The National Institute of Mental Health is issuing this Notice of Special Interest (NOSI) to highlight interest in developing and implementing prevention strategies to reduce suicide risk (suicide ideation and behavior, including acts of self-harm/suicide) and promote resilience among young people, age 10-24 years, in low-and middle-income countries (LMICs)and low-resources settings. NIMH welcomes applicants from LMICs and strongly encourages applicants from the United States or upper middle-income countries to partner with sites in LMICs.


Suicide is a significant global public health problem and a major contributor to the total burden of disease and mortality. Nearly 800,000 people die by suicide each year with a global age-standardized suicide rate of 10.5 per 100,000 population (see WHO statistics). It is estimated that 79% of the world’s suicides occur in LMICs. The overall suicide rate in LMICs might actually be higher than estimated since many LMICs lack a national suicide surveillance system and a systematic reporting system. Local and cultural factors may also contribute to under-reported statistics on suicide and suicide behavior, such as stigma, religious beliefs, and judicial and legal practices. Globally, the suicide rate among men is higher than women, although the male-to-female ratio also varies by country. In general, the male-to-female ratio is much higher in high-income countries (HIC) (ratio 3.5 per 100.000) compared to in LMICs (ratio 1.6 per 100.000). More research is needed to better understand the sex and gender influences on susceptibility to suicidality in different contexts.

Young People (10-24 years)

Although suicide occurs throughout the lifespan, globally nearly one-third of all suicides occur among young people and suicidal thoughts and behaviors are common among college-age students. Suicide is the leading cause of death for females aged 15 19 years, and the second leading cause of death among individuals aged 15-29 years. In LMICs, where up to 90% of adolescents (10-19 years) reside, suicide rates for the total population are higher than rates in HICs. There is limited information about the prevalence of suicide ideation and behaviors (SIB) specifically among young people (10-24 years) across the globe, defining a need to better understand the mechanisms of risk, effective protective factors, and improved strategies for prevention.

Risk and Protective Factors

Although some data are emerging from LMICs, the majority of data regarding risk factors for youth suicide come from HICs, including, the United States, Canada, and the European Union. The risk factors derived from this body of knowledge include intrapersonal/interpersonal factors such as the presence of psychiatric disorders or limited education, family/peer factors including parental support and/or conflict, and school and community factors such as stigma, bullying, and exposure to suicide. Mental illnesses are strong predictors of suicide attempts, and mental health disorders are equally predictive in HICs and LMICs, but there are differences in the specific mental illnesses that are most predictive. In HICs, mood disorders are the strongest diagnostic risk factor for adult suicide attempts. In LMICs, PTSD, substance use disorders, and impulse control disorders are strong predictors of suicide attempts. Risk and protective factors have not been adequately studied in LMICs and gaps in our knowledge remain.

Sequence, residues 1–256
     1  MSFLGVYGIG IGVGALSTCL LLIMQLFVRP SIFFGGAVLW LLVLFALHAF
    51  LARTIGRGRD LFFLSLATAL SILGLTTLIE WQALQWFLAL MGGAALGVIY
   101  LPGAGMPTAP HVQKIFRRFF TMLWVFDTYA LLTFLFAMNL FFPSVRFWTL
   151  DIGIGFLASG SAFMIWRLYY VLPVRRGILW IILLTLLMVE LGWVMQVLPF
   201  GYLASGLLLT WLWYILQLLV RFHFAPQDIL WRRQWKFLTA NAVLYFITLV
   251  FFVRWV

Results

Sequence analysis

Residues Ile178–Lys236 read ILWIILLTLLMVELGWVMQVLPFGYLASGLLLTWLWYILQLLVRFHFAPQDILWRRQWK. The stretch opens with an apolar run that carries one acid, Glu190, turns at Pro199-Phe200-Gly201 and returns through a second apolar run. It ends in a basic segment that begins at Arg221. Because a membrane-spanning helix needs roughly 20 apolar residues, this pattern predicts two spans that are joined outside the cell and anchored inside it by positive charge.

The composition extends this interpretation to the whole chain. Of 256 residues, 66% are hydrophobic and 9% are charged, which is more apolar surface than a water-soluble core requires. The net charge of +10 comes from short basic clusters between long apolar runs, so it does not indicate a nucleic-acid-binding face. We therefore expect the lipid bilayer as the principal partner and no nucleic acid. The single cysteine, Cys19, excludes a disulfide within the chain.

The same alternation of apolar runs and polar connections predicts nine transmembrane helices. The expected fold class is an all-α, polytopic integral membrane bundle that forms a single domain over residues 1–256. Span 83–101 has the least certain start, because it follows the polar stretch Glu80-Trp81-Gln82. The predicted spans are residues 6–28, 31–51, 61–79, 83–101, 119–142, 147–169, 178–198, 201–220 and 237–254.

Suicide Risk Prevention Approaches

Programs designed to minimize risk factors for suicide globally have typically involved primary prevention efforts. Within this framework, universal interventions aim to target the general population, such as reducing access to lethal means or promoting effective mental health policies and ensuring education through media. Selective prevention strategies focus on subgroups with substantial risk for suicide, such as people with mental disorders. These include school and community- based-prevention programs, or crisis intervention and management of SIB with individuals with mental health disorders, including alcohol and/or substance use.

Currently, interventions/strategies are primarily designed to target individuals who have attempted suicide (indicated interventions), but very few strategies target young people for early identification and prevention interventions. While some programs have begun to introduce prevention and screening strategies in community and primary care settings and community-level platforms, there is a need to develop culturally adapted preventive strategies for young people with a focus on multiple risk factors across multiple settings, such as primary care, education, employment, social welfare, and justice settings.

Areas of Research Interest

To address the gaps in our knowledge about suicide risk and prevention in young people age 10-24 years in LMIC and low-resource settings (see definitions below), NIMH is particularly interested in research on the following topics:

Epidemiology, Etiology and Trajectories

Research is needed to better understand risk and protective factors specific to young people as well as to build and sustain local research capacity. Studies are encouraged to improve or implement surveillance systems of suicide-related behaviors, suicide deaths, and treatment outcomes in LMICs and low-resource settings with an emphasis on promoting linkage to care, including:

  • Studies that seek to identify protective and risk factors at the level of the individual, family, peer social networks, and community, which might serve as targets for preventive interventions for young people. The use of research domain criteria (RDoC) framework and constructs are also encouraged, if applicable, as is the use of longitudinal designs. Research evaluating the impact of social drivers, mediators, or population-level factors, such as economic declines, changing social structures, and/or health epidemics/pandemics, on suicidal behaviors in young people.